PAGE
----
Stanislas V. LEPINE pupil of COROT Oil on Panel 19th century
His work is divided into small sketches, often painted on small panels, and large salon paintings concocted in the studio, often measuring up to 110 x 170 cm. He also painted many medium-sized canvases such as the View of the Pont de Sèvres from the Thyssen-Bornemisza Museum.
In his landscapes in which the human figure is often practically excluded or reduced to the status of a pictogram, he is in line with the poetic evocations of Camille Corot, but transplanted into a contemporary and urban setting.
His palette is also lighter than that of the painters of the Barbizon school. He plays with delicate gray tones that are enough for him to accurately note the quality of light and he is one of those with Eugène Boudin, Adolphe-Félix Cals and Johan Barthold Jongkind, who prepare the way for the Impressionists.
For memory :
Stanislas Victor Edmond Lépine, born October 3, 1835 in Caen (Calvados) and died September 28, 1892 in the 18th arrondissement of Paris, was a French landscape painter who painted Paris and the Seine extensively, as well as Normandy.
He began his artistic career in the manner of the marine painter Johan Barthold Jongkind and specialized in the rendering of nautical views such as the Sailboats of the harbor of Caen.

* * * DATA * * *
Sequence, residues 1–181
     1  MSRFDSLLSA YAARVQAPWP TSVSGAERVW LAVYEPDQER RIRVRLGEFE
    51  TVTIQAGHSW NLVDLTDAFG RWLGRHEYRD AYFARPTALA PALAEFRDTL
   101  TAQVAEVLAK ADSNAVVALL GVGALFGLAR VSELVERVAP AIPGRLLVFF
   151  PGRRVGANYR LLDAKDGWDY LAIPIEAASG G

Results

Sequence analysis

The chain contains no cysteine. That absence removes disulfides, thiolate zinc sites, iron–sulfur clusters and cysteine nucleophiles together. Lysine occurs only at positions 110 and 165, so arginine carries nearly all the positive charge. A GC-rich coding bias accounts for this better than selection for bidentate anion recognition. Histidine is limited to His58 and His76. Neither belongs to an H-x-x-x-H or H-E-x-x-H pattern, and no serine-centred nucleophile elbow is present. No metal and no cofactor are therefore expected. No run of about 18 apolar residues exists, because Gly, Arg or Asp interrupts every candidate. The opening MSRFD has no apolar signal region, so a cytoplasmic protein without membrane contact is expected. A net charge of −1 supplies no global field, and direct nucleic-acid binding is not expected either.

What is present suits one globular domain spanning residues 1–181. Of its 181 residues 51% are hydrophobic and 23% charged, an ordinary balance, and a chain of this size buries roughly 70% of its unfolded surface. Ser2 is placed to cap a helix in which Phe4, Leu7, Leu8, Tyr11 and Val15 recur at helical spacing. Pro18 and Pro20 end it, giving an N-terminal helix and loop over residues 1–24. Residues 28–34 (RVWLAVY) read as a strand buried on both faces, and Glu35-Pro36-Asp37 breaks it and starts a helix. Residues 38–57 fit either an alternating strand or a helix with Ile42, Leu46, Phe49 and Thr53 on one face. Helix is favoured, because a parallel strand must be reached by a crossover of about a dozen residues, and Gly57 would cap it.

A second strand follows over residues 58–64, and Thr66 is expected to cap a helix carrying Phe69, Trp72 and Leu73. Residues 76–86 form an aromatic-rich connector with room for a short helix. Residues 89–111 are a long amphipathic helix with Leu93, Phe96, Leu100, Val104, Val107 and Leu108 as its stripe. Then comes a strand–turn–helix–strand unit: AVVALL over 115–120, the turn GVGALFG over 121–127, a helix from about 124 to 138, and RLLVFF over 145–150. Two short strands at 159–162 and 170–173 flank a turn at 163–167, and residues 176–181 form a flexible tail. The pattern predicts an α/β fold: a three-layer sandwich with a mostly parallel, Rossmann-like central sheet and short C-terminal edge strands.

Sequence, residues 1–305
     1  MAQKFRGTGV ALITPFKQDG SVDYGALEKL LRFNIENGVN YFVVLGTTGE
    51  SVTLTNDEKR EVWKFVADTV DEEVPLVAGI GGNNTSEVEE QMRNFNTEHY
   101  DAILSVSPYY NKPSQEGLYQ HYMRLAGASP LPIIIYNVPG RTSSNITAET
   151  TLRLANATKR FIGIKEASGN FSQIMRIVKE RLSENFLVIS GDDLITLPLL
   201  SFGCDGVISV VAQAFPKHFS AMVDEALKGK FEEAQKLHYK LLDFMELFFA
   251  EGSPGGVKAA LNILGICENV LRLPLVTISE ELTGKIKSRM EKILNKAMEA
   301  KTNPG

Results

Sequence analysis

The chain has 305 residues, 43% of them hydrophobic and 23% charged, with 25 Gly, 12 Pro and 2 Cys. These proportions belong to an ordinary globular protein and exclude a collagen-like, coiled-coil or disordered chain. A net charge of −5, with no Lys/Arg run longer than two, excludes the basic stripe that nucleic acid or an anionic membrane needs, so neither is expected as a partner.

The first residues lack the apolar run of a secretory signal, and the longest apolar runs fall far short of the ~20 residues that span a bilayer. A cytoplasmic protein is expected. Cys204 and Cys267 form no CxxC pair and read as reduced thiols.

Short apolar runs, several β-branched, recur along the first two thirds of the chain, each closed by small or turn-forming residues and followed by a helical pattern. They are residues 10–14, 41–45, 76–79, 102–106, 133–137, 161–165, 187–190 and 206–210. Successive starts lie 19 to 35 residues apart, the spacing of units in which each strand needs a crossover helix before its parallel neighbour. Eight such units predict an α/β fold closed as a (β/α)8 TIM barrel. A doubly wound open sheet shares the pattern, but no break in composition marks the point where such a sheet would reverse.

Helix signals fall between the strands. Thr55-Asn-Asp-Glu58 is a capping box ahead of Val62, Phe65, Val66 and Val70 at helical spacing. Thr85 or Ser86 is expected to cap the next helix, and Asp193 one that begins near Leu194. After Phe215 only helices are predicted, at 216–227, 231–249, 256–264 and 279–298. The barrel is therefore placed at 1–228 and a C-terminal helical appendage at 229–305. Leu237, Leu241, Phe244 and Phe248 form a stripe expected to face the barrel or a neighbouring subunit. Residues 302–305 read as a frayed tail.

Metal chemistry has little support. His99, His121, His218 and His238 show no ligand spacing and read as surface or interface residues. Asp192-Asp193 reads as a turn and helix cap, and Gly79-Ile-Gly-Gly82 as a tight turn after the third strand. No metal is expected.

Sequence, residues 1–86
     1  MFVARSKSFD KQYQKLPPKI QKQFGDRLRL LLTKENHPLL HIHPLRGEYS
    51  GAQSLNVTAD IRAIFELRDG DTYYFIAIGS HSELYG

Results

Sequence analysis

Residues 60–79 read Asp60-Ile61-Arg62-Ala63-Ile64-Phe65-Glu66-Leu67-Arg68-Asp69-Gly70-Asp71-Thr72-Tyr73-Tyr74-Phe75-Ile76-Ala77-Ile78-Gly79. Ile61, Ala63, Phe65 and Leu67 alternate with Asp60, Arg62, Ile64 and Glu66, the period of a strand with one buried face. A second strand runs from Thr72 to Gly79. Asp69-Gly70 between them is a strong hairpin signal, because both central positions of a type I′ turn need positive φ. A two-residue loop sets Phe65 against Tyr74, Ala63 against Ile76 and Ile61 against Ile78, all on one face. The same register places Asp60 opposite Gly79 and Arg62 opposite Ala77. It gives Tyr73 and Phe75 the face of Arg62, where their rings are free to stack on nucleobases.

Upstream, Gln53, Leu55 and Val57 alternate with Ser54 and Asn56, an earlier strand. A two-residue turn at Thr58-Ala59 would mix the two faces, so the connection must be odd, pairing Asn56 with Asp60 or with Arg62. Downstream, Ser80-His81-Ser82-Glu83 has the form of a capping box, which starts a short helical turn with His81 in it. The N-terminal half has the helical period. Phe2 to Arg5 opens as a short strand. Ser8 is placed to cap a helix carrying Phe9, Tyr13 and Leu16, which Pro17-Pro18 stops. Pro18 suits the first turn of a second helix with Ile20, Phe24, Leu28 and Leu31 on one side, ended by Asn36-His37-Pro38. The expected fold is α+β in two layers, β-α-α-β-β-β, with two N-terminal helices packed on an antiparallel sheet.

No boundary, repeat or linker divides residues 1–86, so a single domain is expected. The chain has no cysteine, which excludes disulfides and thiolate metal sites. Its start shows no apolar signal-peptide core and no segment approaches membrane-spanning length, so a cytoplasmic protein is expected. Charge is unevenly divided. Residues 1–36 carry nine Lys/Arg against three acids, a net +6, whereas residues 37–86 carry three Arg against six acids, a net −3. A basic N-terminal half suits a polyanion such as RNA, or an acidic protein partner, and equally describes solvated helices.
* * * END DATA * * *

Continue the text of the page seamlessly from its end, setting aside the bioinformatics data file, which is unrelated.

He moved to Paris in 1855 in Montmartre and spent his whole life there.
In 1859 he made his debut at the Salon where he exhibited until 1880. He then presented Port de Caen, Moonlight Effect. In 1860, he undertook a more professional apprenticeship in the studio of Jean Baptiste-Camille Corot, from whom he copied certain paintings. He then met Henri Fantin-Latour (1836-1904)
Having become a friend of Corot, living apart from the official environment, it is thanks to the support of Count Doria that he can continue to paint. With Adolphe-Félix Cals, the count takes them under his protection, and welcomes them in his castle of Orrouy.
With Corot, he developed a personal style, halfway between the pastoral spirit of his master’s compositions, and the atmospheric landscapes of the Impressionists: La Rue Saint Vincent, circa 1875 (Musée d’Orsay), Montmartre in 1878, and Paris, the 1880 Pont des Arts.
He regularly participated in the Salon of French artists from 1881 to 1889. His talent was finally recognized in 1884 when he obtained an « honorable mention » at the Salon. For the painting La Seine à l’Estacade, exhibited at the Salon of 1885, he made many small preparatory canvases that can be found today at the Walters Art Museum in Baltimore, at the Norton Simon Museum in Pasadena10 and in a private collection.